Want a Rare ‘90s Import Car? Browse This U.S. Marshals Pot Bust Auction.
Toyota Supras, a Nissan Skyline and an Escalade EXT, natch
It’s nigh impossible to see a Fast and Furious movie without dreaming, for even the briefest of moments, about owning one of the souped-up, NOS-injected, potentially illegal street racers. Thankfully, sense typically returns after the credits roll and your Cherry Coke high wears off, and Paul Walker’s 1999 Nissan Skyline R34 GT-R is revealed for what it really is — wildly impractical.
That didn’t stop Kong Meng Vang, though. He used to be the owner of that exact model, as well as 28 other vehicles straight out of a ‘90s teenager’s wet dream. But all of them, along with weapons, residential properties and his auto shop Vang’s Dyno Performance, were forfeited after he pled guilty to charges connected to “what Tulsa police say might have been the biggest pot bust in the history of the department,” writes Tulsa World.
Now, the U.S. Marshals are auctioning off the collection, with public bids currently being accepted online until April 1st. At the time of writing, it’s already a congested field, with the fewest bids coming in at 12 for a 1998 Subaru Impreza WRX STi Type R and the most, 70, for the lone motorcycle, a 2007 Harley Davidson Softail Deluxe FLSTN that, according to the listing, doesn’t start.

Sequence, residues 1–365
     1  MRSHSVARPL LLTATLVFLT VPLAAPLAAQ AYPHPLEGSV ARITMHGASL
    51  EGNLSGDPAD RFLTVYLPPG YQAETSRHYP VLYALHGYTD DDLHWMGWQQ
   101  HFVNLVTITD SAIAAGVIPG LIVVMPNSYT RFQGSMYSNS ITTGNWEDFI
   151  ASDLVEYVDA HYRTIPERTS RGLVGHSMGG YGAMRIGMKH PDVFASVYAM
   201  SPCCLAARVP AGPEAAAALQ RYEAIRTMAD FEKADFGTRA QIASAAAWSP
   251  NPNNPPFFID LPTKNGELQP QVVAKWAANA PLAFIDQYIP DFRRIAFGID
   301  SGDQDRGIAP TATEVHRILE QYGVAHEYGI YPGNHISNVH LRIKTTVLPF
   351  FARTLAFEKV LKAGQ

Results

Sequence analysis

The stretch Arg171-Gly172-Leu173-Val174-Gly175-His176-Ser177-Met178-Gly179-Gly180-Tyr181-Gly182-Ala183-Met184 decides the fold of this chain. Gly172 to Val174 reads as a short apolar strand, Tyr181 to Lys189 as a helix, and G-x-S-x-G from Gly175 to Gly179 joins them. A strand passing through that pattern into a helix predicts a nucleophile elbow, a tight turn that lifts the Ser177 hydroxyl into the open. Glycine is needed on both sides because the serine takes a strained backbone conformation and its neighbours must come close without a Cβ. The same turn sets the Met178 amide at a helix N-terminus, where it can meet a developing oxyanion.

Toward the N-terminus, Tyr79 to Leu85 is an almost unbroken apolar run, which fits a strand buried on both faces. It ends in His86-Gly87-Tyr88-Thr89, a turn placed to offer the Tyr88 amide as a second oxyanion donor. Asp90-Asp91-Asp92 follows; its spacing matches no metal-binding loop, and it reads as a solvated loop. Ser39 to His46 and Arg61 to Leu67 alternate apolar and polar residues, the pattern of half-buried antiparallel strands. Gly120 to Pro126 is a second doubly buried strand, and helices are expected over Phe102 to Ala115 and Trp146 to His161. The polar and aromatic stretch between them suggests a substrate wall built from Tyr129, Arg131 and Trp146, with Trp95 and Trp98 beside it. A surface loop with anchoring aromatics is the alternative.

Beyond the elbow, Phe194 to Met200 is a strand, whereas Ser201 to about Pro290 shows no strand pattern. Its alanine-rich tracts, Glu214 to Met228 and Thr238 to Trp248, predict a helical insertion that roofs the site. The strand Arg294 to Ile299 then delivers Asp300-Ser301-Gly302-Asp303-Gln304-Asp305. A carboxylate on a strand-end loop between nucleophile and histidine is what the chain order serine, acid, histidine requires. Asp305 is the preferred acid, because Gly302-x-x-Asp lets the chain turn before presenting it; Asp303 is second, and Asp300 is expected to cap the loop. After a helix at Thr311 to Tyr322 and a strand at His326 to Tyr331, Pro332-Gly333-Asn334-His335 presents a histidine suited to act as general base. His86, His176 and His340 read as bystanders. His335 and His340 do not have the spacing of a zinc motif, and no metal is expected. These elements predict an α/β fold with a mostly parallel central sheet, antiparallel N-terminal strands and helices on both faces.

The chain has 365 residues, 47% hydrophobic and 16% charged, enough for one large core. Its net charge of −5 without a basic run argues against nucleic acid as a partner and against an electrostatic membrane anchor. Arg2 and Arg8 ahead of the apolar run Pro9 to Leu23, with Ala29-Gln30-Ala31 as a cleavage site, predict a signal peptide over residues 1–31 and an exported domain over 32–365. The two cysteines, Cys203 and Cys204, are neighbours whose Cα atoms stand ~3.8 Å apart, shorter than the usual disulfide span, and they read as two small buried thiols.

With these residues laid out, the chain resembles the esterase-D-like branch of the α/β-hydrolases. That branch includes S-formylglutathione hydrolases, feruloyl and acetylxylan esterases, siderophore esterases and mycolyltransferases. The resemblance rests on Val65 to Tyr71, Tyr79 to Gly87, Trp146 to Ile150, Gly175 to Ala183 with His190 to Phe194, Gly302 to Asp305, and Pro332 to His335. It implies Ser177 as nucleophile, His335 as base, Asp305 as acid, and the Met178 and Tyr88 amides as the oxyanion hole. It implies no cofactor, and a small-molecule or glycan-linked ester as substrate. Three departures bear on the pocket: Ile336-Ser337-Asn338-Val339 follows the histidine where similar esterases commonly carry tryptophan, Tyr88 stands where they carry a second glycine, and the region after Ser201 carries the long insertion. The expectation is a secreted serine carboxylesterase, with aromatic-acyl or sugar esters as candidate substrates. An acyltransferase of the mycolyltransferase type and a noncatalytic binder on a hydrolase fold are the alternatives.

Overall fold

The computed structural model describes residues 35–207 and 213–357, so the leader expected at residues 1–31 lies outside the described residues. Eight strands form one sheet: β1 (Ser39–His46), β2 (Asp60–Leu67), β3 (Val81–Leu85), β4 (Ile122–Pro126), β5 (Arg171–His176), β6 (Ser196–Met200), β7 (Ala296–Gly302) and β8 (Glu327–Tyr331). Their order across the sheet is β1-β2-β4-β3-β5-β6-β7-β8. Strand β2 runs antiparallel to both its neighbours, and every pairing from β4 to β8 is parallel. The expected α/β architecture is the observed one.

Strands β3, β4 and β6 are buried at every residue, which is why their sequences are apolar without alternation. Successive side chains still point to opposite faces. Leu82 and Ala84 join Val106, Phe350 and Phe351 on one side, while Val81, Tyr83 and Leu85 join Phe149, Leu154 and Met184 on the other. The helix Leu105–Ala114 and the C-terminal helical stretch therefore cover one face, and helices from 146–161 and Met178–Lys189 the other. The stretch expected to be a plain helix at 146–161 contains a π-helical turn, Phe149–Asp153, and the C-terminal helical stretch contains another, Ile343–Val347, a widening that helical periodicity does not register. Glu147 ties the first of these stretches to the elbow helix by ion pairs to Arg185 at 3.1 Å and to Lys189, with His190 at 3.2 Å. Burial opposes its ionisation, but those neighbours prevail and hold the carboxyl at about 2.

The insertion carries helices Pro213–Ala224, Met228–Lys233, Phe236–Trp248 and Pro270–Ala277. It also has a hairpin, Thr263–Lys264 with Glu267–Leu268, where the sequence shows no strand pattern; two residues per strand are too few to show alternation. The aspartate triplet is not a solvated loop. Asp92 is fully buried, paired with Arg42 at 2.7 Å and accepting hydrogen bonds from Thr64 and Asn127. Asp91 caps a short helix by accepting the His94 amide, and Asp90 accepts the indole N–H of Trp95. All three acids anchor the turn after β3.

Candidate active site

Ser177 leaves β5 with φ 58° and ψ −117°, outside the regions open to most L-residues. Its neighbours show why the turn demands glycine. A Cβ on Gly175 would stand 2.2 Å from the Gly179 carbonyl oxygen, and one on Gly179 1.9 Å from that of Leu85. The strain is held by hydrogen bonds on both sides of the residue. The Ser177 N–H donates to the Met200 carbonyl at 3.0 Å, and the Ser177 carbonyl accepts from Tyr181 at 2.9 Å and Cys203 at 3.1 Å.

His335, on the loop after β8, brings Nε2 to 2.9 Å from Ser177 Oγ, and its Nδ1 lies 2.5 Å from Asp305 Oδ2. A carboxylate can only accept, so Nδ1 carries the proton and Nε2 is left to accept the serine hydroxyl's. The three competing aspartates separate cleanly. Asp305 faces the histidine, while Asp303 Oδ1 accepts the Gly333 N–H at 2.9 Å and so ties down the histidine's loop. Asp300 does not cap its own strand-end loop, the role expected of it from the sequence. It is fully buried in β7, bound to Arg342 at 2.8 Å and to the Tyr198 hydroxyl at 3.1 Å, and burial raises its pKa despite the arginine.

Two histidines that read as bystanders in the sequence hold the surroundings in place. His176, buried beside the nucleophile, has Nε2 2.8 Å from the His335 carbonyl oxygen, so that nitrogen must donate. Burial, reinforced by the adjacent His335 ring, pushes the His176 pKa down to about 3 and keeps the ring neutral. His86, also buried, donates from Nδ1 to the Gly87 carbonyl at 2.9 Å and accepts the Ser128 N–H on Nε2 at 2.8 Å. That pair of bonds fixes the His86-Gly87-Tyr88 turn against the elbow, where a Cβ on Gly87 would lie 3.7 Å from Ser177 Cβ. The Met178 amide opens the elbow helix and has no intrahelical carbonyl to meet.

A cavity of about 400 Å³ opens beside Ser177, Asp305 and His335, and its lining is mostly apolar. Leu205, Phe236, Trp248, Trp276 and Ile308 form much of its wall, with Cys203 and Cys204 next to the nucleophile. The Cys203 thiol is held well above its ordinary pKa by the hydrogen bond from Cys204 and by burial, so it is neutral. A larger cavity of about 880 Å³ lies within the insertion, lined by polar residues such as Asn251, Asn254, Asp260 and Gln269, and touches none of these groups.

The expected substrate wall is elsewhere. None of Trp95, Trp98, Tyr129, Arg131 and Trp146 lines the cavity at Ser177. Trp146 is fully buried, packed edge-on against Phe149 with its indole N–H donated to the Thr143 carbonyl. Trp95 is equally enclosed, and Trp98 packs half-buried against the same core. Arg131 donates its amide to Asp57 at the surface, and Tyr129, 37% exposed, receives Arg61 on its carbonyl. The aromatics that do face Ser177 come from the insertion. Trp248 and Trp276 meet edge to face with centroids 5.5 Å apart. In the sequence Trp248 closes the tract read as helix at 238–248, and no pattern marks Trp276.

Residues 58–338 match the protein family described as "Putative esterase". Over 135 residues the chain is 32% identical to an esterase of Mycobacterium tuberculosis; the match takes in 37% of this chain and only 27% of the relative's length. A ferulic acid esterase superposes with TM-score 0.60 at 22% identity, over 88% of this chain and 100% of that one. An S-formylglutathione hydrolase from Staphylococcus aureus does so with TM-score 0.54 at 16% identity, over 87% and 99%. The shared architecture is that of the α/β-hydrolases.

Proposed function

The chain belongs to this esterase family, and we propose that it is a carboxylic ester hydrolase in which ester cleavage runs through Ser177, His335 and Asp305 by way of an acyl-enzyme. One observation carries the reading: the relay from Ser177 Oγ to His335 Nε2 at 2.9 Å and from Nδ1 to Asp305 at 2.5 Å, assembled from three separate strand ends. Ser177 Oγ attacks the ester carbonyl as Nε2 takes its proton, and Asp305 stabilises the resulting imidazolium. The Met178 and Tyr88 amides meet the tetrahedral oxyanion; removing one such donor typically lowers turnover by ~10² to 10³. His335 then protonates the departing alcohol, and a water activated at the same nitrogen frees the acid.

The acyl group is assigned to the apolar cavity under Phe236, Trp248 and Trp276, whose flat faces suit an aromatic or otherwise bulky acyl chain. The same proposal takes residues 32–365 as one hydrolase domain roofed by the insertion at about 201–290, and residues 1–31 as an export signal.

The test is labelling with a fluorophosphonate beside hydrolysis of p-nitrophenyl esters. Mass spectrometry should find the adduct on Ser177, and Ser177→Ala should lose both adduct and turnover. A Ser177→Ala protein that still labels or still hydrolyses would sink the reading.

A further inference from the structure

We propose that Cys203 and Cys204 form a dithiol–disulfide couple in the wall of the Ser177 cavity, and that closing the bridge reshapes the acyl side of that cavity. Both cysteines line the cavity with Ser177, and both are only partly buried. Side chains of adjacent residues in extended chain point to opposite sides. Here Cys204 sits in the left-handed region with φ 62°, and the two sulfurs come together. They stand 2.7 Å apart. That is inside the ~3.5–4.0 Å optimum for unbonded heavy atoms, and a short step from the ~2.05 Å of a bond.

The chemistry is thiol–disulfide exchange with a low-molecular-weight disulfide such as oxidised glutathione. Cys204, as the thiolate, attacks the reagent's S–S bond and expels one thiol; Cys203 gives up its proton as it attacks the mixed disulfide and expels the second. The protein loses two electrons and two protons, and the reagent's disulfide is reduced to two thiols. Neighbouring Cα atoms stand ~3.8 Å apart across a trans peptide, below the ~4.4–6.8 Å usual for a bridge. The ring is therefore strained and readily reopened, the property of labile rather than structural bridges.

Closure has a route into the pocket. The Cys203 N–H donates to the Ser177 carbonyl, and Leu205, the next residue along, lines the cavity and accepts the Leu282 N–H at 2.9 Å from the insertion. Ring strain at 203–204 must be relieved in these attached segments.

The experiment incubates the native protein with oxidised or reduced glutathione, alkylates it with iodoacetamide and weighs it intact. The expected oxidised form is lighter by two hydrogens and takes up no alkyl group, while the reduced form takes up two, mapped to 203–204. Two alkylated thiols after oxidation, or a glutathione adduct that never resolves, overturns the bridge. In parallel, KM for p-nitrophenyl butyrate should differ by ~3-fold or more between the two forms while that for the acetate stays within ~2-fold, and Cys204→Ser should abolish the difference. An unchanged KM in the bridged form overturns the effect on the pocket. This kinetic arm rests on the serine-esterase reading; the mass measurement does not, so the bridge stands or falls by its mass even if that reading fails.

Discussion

Far be it from us to make light of federal crimes, but a tuner shop, “a number of rare 1990s performance oriented imports” and marijuana with “a street value of $5 million” being transported across state lines sounds a lot like the plot of the first Fast and Furious movie. And as mentioned before, some of these vehicles are straight out of the franchise, from that ‘99 Nissan Skyline to a ‘93 Toyota Supra, both of which were featured in the opening race in 2 Fast 2 Furious.
The problem with a lot of these cars? The reason they’re rare is because, as the fine print on the listings notes, they don’t comply with U.S. regulations. Thus, they’re listed for “off road and track use only” with explicit instructions that, upon purchase, they’re “never to be titled, registered, or operated on U.S. roadways.”
That hasn’t stopped hundreds of people from placing bids. Maybe it won’t stop you, either.
All images courtesy of Apple Auctioneering Co.